looking as pitiful as I felt.
It used to grow the most amazing white roses I had ever seen. But since Dad passed away, not even the tiniest buds had graced its branches. What was once a burst of white petals, was now just … thorns.
‘Right then, kiddo.’ Mel opened her car door for me. ‘Are you ready to go?’
I hugged Grandma Coalman tightly. I could feel her shaking a little, and guilt brought tears to my eyes.
Hold it together, Em. Don’t let her see you upset. She has enough on her plate as it is.
‘Ring me tomorrow, OK?’ Grandma Coalman held my face and kissed my cheeks.
‘OK,’ I replied.
‘I’m so sorry that I can’t keep you both with me,’ Grandma Coalman said, ‘but Mel says that the bungalow isn’t big enough, and that I’m too old.’
‘Anna!’ Mel shouted. ‘I did not say that you were too old!’
‘That’s what you meant.’ Grandma Coalman scowled at Mel.
‘I’ll be fine, Gram,’ I reassured her. ‘Honestly!’
I sat in the back seat of the car. Mel got in and switched on the engine.
Grandma Coalman started to wave goodbye, but something to the left caught her eye and her face hardened.
I turned to see what she was looking at.
Stood on the pavement were Zoe-two-doors-up and her niece, Stacey Lock.
They both smirked at me and Grandma Coalman. They were clearly pleased with the chaos of the afternoon. It would give them something to tweet about.
Great. The last thing I needed was Stacey Lock knowing my business. She wasn’t exactly the kind of person who kept things to herself, and she always relished the chance to embarrass me in any way. The entire school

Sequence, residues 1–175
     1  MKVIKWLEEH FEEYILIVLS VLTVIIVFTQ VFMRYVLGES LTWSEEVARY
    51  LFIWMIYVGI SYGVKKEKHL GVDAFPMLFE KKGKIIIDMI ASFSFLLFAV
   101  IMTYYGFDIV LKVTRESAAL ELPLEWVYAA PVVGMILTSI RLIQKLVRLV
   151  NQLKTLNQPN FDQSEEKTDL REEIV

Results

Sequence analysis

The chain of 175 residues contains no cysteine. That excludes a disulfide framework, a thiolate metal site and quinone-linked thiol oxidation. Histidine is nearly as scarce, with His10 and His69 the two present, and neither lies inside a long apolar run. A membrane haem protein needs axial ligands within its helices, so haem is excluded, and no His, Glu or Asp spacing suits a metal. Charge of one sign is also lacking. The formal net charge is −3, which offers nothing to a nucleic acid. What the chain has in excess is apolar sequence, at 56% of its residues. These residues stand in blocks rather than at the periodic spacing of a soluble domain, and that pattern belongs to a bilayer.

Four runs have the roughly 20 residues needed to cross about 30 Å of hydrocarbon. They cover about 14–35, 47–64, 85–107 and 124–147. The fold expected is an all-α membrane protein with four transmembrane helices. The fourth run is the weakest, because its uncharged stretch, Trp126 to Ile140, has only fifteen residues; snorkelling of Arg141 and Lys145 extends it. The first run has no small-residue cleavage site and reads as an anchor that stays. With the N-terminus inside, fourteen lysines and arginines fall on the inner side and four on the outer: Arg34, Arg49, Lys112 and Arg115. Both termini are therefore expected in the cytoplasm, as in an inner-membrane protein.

would know by the time we went back after half-term.
A sudden sharp pain attacked my eardrum. I cupped my hand over my ear to try and soothe it, but it was really strong. A loud ringing noise filled my ear, high-pitched and piercing. It felt like someone was blowing a whistle
inside my mind. ‘Aaarghhh!’
Mel quickly stopped the engine. ‘Em! Are you OK?’
Grandma Coalman yanked the car door open. ‘What’s the matter, love?’
‘It’s just my ear,’ I replied, wincing. ‘It’ll ease up in a
couple of minutes.’
Grandma Coalman looked over to where Zoe-two-doors-up and Stacey Lock were standing with smug grins on their faces. ‘Funny how your ear plays up whenever that girl shows her face, isn’t it?’
‘It’s probably just a coincidence,’ said Mel, laughing.
Grandma Coalman and I exchanged a knowing glance.
She raised her eyebrows. ‘If there’s anything that this family understands, it’s that there is no such thing as coincidence.’ She cast a watchful eye in Stacey Lock’s direction. ‘I think you might be allergic.’
‘To what?’ I asked.
‘Trouble.’ She closed the car door again and waved goodbye to us for the final time that day.
I looked through the back window and caught a glimpse of Stacey Lock laughing out loud as we drove away.